FEDERAL JUDGE RULES NORTHERN MARIANA ISLANDS HANDGUN BAN VIOLATES 2A

BELLEVUE, WA – The Second Amendment Foundation today won a major victory when a federal judge for the Commonwealth of the Northern Mariana Islands (CNMI) declared the commonwealth’s ban on handguns to be unconstitutional under the Second Amendment.

CNMI is governed under “a Covenant to Establish a Commonwealth of the Northern Mariana Islands in Political Union with the United States of America,” according to the ruling, written by Chief Judge Ramona V. Manglona. She noted that several provisions of the Constitution are applicable to the Commonwealth through that Covenant, including the Second Amendment.

“This is a big win for the Second Amendment,” said SAF founder and Executive Vice President Alan M. Gottlieb. “Judge Manglona properly noted that because the CNMI Covenant applies both the Second Amendment and the Due Process and Equal Protection Clauses of the Fourteenth Amendment, as if CNMI were a state, then it is unconstitutional to ban handguns for self-defense in the home, or to restrict handgun possession to citizens but not lawful permanent residents.

“It is another affirmation of the Second Amendment victories in Heller and McDonald, and will have a direct impact in the Ninth Circuit” he added. “The ruling makes it harder for the gun prohibitionists to get around these important Supreme Court victories. This is one more Second Amendment Foundation victory in an unprecedented string of court victories. But we still must make sure that President Obama or a Hillary Clinton do not stack our courts with anti-rights judges.”

The case involves David Radich and his wife, Li-Rong, a Chinese citizen. David is a U.S. citizen who served honorably with the Navy during the Gulf War. He moved to Saipan in 2008 and married Li-Rong in 2009. The following year, Li-Rong was, according to court documents, “attacked and savagely beaten, suffering two broken ribs, facial contusions, and possibly a broken orbital bone and eye socket” while home alone. The couple wanted a handgun for home defense, but CNMI prohibits most private individuals from possession and importing handguns and handgun ammunition, and doesn’t recognize family protection as a reason to issue a “weapons identification card.” Today’s ruling nullifies that ban.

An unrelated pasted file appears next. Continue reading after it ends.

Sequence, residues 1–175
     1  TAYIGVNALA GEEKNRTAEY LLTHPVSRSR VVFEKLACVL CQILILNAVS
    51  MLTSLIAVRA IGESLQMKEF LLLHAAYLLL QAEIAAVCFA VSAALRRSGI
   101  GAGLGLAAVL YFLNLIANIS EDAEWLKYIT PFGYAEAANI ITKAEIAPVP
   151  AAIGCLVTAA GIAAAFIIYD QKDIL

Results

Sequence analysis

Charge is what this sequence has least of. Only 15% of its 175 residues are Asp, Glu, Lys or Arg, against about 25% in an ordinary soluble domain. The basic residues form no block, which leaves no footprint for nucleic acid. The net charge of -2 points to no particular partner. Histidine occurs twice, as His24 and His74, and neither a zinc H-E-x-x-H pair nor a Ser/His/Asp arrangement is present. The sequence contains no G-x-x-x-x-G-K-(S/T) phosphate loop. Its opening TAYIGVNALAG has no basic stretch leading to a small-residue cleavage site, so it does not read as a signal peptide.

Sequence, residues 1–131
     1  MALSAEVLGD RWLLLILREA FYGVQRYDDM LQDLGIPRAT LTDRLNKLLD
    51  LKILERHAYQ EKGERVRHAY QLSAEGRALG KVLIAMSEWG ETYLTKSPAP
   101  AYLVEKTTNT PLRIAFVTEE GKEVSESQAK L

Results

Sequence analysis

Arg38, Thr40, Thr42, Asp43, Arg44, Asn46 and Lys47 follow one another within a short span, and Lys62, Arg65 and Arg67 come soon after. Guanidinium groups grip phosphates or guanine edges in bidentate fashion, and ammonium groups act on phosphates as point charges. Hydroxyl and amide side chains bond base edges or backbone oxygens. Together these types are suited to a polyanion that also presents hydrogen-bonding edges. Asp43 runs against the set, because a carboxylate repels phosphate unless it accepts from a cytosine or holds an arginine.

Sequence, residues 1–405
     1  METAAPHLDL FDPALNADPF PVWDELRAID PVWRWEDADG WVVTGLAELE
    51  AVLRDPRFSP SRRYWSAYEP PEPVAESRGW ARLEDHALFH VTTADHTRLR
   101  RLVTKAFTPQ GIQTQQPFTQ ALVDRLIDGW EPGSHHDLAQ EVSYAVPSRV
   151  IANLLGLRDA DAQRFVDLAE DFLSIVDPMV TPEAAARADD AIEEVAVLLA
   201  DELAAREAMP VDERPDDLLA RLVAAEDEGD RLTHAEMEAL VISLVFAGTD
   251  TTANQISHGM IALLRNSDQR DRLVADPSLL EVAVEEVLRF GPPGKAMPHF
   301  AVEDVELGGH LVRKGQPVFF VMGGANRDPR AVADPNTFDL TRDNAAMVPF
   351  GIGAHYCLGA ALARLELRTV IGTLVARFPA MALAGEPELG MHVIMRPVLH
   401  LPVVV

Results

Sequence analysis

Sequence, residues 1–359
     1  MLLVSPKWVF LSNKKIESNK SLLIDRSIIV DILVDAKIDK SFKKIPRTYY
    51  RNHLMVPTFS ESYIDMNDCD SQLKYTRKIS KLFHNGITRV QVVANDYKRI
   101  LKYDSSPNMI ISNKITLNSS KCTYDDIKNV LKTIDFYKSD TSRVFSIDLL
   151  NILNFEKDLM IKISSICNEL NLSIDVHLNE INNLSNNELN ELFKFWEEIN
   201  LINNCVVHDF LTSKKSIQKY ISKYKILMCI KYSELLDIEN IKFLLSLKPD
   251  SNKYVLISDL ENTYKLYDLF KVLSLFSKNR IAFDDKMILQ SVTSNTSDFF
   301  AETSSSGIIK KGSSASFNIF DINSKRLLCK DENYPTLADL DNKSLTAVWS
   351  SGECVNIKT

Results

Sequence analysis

“We got involved in this case because the violation was so egregious,” Gottlieb said. “The CNMI’s gun control laws ban handguns or using any firearm for self-defense. That’s unconstitutional, and Judge Manglona says so.”

The Radiches are represented by Illinois-based attorney David Sigale, who has worked successfully with SAF on other cases involving Second Amendment protections for non-citizens who are lawful permanent U.S. residents.


  • sponsor
  • sponsor
  • sponsor
  • sponsor
  • sponsor
  • sponsor
  • sponsor